• Parkinson's disease;
  • Pramipexole;
  • Oxygen free radicals;
  • Mitochondria;
  • Mitochondrial permeability transition pore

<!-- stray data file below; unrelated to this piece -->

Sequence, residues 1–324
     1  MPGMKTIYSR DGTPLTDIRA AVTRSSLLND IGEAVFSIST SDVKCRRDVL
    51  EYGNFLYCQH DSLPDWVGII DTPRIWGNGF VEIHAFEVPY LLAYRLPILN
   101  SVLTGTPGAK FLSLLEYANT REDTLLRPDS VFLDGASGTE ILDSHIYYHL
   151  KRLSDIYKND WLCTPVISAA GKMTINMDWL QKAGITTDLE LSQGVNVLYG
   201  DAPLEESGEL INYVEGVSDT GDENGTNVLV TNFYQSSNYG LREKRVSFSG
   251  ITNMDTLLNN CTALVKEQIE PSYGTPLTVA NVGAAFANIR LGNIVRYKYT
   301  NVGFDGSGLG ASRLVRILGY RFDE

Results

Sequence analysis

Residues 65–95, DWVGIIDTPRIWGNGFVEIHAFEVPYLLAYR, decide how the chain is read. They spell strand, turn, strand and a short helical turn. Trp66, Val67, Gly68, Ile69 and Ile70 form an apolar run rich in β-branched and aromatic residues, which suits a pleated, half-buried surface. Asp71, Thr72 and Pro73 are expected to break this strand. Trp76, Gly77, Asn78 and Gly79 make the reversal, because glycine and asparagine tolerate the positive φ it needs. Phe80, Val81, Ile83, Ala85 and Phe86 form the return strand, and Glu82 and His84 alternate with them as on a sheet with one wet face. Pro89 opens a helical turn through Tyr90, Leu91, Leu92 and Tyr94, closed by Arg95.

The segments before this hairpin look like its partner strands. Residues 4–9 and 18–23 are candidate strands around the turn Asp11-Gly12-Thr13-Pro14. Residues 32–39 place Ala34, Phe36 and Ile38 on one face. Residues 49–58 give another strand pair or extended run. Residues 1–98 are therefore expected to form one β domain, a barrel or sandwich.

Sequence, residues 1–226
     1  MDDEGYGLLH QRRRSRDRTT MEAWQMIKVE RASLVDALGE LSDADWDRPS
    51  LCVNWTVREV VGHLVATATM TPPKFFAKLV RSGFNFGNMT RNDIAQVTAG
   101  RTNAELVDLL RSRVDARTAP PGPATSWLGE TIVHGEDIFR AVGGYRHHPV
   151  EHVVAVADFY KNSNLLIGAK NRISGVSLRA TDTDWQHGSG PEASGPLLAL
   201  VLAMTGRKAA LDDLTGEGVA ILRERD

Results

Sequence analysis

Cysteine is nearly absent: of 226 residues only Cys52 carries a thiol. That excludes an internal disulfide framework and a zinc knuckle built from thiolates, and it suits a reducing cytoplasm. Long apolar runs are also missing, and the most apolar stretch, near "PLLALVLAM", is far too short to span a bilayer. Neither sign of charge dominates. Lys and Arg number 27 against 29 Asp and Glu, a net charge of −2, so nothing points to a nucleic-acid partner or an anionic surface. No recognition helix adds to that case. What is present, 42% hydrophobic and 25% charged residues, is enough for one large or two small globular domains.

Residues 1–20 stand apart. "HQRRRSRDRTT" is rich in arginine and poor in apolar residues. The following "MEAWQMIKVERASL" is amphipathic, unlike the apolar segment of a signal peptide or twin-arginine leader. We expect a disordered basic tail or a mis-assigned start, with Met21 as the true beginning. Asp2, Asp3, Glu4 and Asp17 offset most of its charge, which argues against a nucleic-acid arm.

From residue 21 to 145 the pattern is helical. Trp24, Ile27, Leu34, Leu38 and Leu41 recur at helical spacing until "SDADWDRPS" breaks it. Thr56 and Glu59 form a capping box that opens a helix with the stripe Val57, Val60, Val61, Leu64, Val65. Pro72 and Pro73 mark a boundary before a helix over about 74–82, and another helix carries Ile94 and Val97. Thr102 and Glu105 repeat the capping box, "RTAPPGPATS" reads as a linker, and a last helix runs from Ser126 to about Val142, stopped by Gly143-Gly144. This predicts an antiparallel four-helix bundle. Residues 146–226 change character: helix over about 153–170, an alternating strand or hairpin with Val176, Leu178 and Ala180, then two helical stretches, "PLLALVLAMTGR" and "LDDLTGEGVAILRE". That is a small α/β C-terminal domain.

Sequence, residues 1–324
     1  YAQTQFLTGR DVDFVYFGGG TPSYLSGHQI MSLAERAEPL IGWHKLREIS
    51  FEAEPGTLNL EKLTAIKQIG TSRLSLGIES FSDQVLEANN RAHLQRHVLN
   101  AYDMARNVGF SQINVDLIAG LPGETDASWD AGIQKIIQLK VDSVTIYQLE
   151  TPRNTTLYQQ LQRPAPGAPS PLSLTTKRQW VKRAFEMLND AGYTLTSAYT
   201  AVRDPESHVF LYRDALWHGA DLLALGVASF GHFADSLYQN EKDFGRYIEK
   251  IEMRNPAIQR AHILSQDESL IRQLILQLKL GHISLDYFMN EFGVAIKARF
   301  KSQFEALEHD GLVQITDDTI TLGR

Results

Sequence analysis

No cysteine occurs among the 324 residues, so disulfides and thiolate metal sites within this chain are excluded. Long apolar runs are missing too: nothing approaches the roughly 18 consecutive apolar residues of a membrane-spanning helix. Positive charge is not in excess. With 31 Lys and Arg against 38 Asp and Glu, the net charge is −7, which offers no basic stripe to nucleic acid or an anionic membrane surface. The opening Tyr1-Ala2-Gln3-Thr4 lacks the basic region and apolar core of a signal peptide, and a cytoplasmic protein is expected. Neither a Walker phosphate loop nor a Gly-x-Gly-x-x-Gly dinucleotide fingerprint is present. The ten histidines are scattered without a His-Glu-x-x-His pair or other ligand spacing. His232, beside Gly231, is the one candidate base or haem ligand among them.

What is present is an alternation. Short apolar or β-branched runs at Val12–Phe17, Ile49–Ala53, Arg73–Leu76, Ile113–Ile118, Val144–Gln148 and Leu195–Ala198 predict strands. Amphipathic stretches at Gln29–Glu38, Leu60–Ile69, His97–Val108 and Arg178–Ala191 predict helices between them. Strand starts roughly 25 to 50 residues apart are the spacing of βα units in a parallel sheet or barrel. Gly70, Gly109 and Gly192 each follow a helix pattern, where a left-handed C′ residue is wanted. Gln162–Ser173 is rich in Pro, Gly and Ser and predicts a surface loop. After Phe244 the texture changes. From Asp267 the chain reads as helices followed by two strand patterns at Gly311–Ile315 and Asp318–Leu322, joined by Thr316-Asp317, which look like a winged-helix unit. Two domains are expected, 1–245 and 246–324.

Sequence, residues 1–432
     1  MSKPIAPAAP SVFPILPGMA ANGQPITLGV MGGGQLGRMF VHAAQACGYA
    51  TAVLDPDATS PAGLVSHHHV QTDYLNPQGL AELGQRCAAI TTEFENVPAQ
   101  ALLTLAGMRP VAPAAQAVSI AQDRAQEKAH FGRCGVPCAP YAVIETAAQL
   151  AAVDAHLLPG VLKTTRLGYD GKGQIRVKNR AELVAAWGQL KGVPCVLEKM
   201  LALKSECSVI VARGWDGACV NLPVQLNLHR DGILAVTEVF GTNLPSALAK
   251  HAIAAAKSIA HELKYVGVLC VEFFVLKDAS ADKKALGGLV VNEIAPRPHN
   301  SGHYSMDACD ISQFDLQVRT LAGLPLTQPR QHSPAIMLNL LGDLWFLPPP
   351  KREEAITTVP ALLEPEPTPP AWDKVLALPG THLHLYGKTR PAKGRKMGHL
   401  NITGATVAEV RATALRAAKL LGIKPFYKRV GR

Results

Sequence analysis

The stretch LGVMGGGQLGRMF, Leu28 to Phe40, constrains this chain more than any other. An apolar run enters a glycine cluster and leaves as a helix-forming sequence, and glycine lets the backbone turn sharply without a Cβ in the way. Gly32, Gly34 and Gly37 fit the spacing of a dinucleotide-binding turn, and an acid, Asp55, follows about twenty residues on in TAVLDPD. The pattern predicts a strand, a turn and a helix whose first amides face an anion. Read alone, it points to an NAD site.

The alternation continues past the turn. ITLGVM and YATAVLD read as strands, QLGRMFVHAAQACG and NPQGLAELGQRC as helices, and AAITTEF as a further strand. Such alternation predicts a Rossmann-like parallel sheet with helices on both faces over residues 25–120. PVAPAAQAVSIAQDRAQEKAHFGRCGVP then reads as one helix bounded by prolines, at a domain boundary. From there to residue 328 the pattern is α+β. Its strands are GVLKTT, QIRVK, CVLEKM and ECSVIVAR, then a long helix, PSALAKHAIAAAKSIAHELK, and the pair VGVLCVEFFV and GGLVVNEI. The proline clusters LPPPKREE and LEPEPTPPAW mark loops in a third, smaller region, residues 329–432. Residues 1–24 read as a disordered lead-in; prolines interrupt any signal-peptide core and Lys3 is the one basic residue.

Abstract: Sporadic Parkinson's disease is associated with a defect in the activity of complex I of the mitochondrial electron transport chain. This electron transport chain defect is transmitted through mitochondrial DNA, and when expressed in host cells leads to increased oxygen free radical production, increased antioxidant enzyme activities, and increased susceptibility to programmed cell death. Pramipexole, a chemically novel dopamine agonist used for the treatment of Parkinson's disease symptoms, possesses antioxidant activity and is neuroprotective toward substantia nigral dopamine neurons in hypoxic-ischemic and methamphetamine models. We found that pramipexole reduced the levels of oxygen radicals produced by methylpyridinium ion (MPP+) both when incubated with SH-SY5Y cells and when perfused into rat striatum. Pramipexole also exhibited a concentration-dependent inhibition of opening of the mitochondrial transition pore induced by calcium and phosphate or MPP+. These results suggest that pramipexole may be neuroprotective in Parkinson's disease by attenuating intracellular processes such as oxygen radical generation and the mitochondrial transition pore opening, which are associated with programmed cell death.